© 2017 by The Wellsville Foundation, Inc.

The Tabernacle: A History

Bishop William H.Maughan of the LDS Church broke ground for the Wellsville Tabernacle on April 3, 1902, which was designed by architect C.T. Barrett. The next year, in 1903, LDS apostles Abraham O. Woodruff and Seymour B. Young laid the cornerstones.

 

The Wellsville Tabernacle was built entirely by volunteers who accomplished their work by hand or with horses. Constructing the building entirely of local materials, the endeavor required six years and involved nearly every citizen of Wellsville. The rock for the building was quarried out of the Wellsville Mountain while the stones for the foundation were chiseled by hand and held together with lime mortar. The walls were constructed of red brick, three to four bricks thick, with cement trimmings. Those citizens unable to perform construction work contributed by donating money earned from thinning beets, quilting, or from selling grain, veal, cheese, butter, and eggs. Upon its completion, Anthon H. Lund of the LDS Church’s First Presidency dedicated the building on June 28, 1908.

 

The building retains most of its original Gothic architectural features and is a fine modern-day example of styles and methods of construction that are no longer employed. The grandeur of the auditorium is impressive with its sixty-foot ceiling; the wooden beams used to construct the ceiling dome yield unsurpassed acoustics. The two-story stained-glass windows are visible from all points in the auditorium. The Wellsville Tabernacle has a unique floor plan since the pulpit resides in the northwest corner faced by semi-circular pews along a diagonal center aisle. These curved, handmade wooden benches, embellished with carvings at each end, along with a lofty balcony provide large capacity seating.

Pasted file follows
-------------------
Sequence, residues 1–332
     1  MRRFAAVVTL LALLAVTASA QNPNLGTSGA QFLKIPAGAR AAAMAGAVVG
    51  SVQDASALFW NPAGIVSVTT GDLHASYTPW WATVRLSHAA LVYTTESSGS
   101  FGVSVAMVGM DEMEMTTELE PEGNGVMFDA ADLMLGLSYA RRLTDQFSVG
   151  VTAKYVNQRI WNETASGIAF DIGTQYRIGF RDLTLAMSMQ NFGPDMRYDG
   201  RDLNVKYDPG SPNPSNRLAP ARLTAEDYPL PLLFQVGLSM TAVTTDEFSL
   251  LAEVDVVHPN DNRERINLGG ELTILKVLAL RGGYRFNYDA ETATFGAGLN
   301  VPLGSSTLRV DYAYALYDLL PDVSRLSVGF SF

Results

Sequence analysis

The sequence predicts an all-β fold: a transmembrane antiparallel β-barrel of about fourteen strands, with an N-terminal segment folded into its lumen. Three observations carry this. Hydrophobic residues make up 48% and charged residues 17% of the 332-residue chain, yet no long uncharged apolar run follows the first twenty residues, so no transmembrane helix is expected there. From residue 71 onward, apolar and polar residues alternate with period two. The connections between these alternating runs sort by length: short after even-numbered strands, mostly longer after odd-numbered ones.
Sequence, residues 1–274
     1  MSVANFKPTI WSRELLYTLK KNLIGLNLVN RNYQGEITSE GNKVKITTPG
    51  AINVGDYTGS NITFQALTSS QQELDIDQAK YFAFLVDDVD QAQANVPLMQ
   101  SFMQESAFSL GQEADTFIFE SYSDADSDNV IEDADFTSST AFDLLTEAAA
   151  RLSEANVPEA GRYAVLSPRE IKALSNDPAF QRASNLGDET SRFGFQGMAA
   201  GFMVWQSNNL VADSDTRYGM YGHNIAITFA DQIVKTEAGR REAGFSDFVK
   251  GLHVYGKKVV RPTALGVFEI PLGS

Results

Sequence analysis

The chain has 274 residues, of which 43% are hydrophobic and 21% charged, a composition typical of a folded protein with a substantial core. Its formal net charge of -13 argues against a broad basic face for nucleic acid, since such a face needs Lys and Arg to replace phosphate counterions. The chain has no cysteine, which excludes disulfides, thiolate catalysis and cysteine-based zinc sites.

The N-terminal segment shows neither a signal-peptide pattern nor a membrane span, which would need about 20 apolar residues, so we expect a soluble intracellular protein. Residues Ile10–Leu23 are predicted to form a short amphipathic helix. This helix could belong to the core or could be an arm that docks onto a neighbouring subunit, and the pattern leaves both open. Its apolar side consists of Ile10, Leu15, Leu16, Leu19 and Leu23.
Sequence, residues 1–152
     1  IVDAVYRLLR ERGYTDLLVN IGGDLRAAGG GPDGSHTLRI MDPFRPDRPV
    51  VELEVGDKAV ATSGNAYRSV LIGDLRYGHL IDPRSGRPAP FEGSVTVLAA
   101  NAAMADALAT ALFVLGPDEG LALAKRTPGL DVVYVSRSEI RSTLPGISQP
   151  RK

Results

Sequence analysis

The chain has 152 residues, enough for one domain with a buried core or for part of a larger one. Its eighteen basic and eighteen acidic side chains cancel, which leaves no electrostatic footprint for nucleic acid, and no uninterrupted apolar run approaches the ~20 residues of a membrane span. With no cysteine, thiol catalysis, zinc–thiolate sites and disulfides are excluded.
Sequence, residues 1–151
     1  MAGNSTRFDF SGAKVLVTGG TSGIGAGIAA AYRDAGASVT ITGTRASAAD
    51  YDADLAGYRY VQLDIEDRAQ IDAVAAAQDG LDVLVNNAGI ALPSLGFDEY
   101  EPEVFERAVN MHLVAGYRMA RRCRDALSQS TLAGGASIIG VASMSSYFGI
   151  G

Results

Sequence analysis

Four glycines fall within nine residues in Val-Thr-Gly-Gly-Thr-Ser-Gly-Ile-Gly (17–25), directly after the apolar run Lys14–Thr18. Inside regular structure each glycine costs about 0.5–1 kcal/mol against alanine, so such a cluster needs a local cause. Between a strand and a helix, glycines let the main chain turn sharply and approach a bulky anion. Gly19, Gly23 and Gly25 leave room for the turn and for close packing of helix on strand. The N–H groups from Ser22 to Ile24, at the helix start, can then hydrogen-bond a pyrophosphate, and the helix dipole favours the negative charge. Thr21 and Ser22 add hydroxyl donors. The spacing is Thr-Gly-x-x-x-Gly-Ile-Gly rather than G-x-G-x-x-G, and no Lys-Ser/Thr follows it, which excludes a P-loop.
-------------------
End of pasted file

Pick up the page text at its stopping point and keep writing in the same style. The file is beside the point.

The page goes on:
During the 1950’s, the outside of the building was painted to prevent deterioration of the red brick. In 1959, the building’s original brick tower, which reached skyward 135 feet before it burned in December 1936, was modified to its current lower height. The structure was designated on the Utah Historic Sites Survey in 1973 and National Register of Historic Places in 1980. In 1981, the LDS Church sold the building to Wellsville City for $65,000, interestingly the same cost of its original construction nearly eighty years earlier. In 1995, the Wellsville Foundation ---a non-profit, private Utah corporation of local citizens---was formed to manage the tabernacle and is continually working to preserve the building.

 

The Historic Wellsville Tabernacle is a prominent symbol of Utah’s pioneer heritage. The building is currently closed to the public due to a necessary structural upgrade. It has housed the Wellsville Foundation offices and a Daughters of the Utah Pioneers Museum. The Wellsville Foundation, Inc. intends to rehabilitate and re-open the building as the Wellsville Community Center for Arts, Education, and Entertainment.